BF: Scott has to defeat Seven Evil Ex-Boyfriends. Is love ever easy?
BLO: Not really. Not when it’s any good. It’s usually not Seven Evil Ex-Boyfriends hard, but it’s never super easy.
BF: Is there a particularly Canadian point of view in the book?
BLO: I don’t know. I mean it’s one of those things that it’s hard to sort of answer yourself. Like other people look at it and maybe they’ll know. I mean probably [there is], because I grew up in Canada and that’s where I spent my whole life. I’d like to think so, but I feel like a lot of Canadian fiction in entertainment, like TV and movies and stuff, [portray] and attitude that I don’t really like; like really kind of meek.
BF: What would be an example of this meekness?
BLO: I don’t know. I’m probably just making it up?
BF: Well, Canadians are stereotypically polite.
BLO: They’re polite, yeah, and sort of subservient in… What’s that other word I’m looking for? I don’t know. They’re a little too nice – almost passive-aggressive. Yeah, I feel like Canada needs to, I mean not Canada itself but Canadian artists and writers need to stand up for themselves more maybe.
BF: Well, what are real Canadians like if they’re not meek and polite?
BLO: Well they are meek and polite but they’re not… I don’t really have my point of view on this formulated yet. I’m in the process of it. I might be doing some writing for my friend who works for the CBC. You know, I’ll figure it out as I go along.
BF: I actually served your vegan shepherd’s pie recipe for a family dinner.
BLO: Did it go over well?
BF: It went well.
BLO: Some people came over yesterday and they were like “We keep trying to make your vegan shepherd’s pie and it’s not good.” They keep screwing it up and it turns to liquid or something. And it’s like I think you might be using too much liquid. You just have to use a splash really. I don’t know what they’re doing wrong.
BF: Actually it wasn’t that hard for me.
BLO: Yeah, it’s not really that hard.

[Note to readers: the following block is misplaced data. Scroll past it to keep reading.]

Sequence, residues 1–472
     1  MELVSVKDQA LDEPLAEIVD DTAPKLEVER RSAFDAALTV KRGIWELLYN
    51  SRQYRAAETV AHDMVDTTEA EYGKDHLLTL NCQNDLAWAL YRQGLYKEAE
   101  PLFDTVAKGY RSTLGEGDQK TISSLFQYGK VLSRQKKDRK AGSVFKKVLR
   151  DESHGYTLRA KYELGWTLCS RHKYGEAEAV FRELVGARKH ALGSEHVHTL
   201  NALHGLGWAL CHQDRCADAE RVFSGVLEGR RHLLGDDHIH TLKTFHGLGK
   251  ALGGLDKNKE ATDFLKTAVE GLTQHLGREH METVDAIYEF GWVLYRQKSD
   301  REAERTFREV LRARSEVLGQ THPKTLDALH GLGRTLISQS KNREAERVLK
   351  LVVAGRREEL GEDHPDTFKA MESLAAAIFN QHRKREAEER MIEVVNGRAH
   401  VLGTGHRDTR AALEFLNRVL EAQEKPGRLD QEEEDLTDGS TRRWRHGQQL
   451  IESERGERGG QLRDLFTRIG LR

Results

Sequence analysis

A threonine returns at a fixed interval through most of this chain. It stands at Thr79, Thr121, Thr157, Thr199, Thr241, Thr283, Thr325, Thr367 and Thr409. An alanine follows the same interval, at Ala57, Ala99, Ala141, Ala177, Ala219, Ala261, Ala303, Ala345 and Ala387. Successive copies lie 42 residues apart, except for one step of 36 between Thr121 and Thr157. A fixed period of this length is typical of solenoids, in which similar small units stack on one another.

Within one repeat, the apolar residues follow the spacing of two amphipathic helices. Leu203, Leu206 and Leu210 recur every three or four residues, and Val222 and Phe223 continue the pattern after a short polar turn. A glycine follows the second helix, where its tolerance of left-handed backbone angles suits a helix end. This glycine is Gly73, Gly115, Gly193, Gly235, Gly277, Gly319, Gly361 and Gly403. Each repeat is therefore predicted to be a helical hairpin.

BF: I guess I’m curious about this whole vegan king fu mythology that you’re creating. Where does that come from?
BLO: [Chuckles] Well, my wife was vegan for a while. Some of my friends were vegan. Some vegans are dicks about it. Not my friends – not most vegans, but some of them are like… I’ve heard vegans say things like “Vegans don’t sweat!” Like that kind of thing.
BF: [Stifling laughter]
BLO: So I just kind of built it up in my mind. I was probably reading Akira or something and I was like oh yeah, so vegans can fly and destroy you with their mind. It was like a natural progression in my mind.
BF: If you could mash up a few different bands, what would Sex Bob-omb sound like?
BLO: Sh*t, I’ve done this before. I remember saying it was early Bis and Uncle Tupelo. I think that’s a good combination.
BF: I hear rumors of a Scott Pilgrim movie.
BLO: I do too. I don’t know. Someone came by [the Oni booth] earlier and said “Oh! They turned in a second draft of the screenplay!” and I was like huh? Then another guy asked “How many drafts? How many screenplays have they written?” I don’t know what’s going on.
BF: Is there actual talk about a real movie.
BLO: There is talk. There is [inaudible] signed somewhere. There’s a few people involved. Edgar Wright was at the show and he’s supposed to be directing it, maybe. If he decides to. It’s not green lit, so we’ll see – fingers crossed.
BF: Would you want to be involved in that process?
BF: More involved than you are right now, apparently.
BLO: I’m involved. I’ve talked to the writer and the director. I’ve been consulting. I’d like some more money.
BF: Who wouldn’t? What would you want the movie to feel like?
BLO: Well if you’ve seen any of Edgar Wright’s work…
BF: What’s he done?
BLO: Shaun of the Dead and Spaced which is a British show. It’s just started airing [on BBC America] actually. Spaced is a lot like Scott Pilgrim in a lot of ways. So I think he has my sensibility. I’d like it to feel like the comics, but in a movie. I think it’s do-able.
BF: So you’re not going to be involved in scripting the film?
BF: So what’s next for Bryan Lee O’Malley?
BLO: I’m just working on the fourth Scott Pilgrim book right now. I haven’t started drawing it yet. Everyone’s like “When’s it coming out? Is it coming out next week?” No, it’s not. It’s going to be out next year, sorry. It just takes a long time.